Assuming we have use a dropdown with a chevron to indicate that it is in fact a dropdown, does the position of the chevron change depending on the directionality of the language? I.E. does the chevron stay on the right, or does it move to the left?

See image below for visual explanation.

Dropdown position for language direction

2 Answers 2


What a great question. As a general rule, it's good to flip positioning of iconography for RTL languages. So your bottom option, with the chevron on the left, is correct.

If you're curious, I'm basing this answer on lessons learned running as lead designer on multiple projects with the NYC DOE and NYC mayor's office, where all projects have to support 11 languages, including 2 RTL languages. The systems involve manual translation, so my work was being advised by fluent speakers.

You can see a lot of this "flipping" at play with the NYC DOE online public school application system (https://www.myschools.nyc/). The real meat of it is behind a login, but you can get a loose idea of things with https://www.myschools.nyc/en/account/create-account/ vs https://www.myschools.nyc/ar/account/create-account/. Check out the header and primary CTA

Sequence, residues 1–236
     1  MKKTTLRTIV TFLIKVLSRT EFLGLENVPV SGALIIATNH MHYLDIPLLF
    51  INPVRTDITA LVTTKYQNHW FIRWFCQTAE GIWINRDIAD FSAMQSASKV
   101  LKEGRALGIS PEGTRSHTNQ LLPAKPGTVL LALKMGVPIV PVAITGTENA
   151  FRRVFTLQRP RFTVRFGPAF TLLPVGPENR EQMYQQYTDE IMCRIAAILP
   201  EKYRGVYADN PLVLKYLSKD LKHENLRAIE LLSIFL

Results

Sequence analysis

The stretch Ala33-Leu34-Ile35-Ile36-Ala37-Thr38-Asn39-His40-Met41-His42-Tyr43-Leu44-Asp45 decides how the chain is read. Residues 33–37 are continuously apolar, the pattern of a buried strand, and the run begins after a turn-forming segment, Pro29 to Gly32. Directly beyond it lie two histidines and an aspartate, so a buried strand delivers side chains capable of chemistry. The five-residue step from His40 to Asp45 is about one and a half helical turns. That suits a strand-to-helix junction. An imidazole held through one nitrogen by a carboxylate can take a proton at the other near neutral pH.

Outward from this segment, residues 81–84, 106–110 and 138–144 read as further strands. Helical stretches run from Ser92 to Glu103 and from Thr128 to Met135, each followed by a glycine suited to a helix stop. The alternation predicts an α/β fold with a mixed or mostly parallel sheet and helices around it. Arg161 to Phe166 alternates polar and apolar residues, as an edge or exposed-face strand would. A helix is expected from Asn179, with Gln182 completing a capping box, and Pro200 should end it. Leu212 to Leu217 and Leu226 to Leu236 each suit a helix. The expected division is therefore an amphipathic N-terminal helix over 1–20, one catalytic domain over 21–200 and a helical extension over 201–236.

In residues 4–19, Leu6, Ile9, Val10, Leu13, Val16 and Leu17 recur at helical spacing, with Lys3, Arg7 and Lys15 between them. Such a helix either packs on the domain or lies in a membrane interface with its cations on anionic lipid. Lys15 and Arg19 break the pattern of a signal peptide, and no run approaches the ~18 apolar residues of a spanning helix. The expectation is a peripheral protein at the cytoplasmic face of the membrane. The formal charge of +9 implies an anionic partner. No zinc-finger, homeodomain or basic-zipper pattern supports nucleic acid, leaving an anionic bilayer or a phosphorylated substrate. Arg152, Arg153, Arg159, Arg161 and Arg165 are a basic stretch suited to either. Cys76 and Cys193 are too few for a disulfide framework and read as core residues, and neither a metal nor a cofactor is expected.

• 13
    This can also be described as "retaining the relative position of the icon within the context of the language" - that is, the icon isn't "to the left/right" of the text, it's "before/after" the text. Commented Aug 9, 2019 at 18:36
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    I placed my desk and computer screen near a big, vertical mirror when I implemented RTL support. If it didn't look "right" to me as an LTR person, it was wrong.
    – Ray
    Commented Aug 11, 2019 at 12:10

Seconding Ben's answer, if I understand the Material Design bidirectionality guidelines correctly then it should be mirrored:

When a UI is mirrored, these changes occur:

  • Text fields icons are displayed on the opposite side of a field
  • Navigation buttons are displayed in reverse order
  • Icons that communicate direction, like arrows, are mirrored
  • Text (if it is translated to an RTL language) is aligned to the right

And in the illustration, the chevrons are indeed mirrored:

English and Arabic UI illustrating bidirectionality

Apple's guidelines do not mention this explicitly, but do state that "In iOS apps, UIKit controls appear flipped when the app links against iOS 9 and later." If you develop for the iOS platform then you can check what theirs does.

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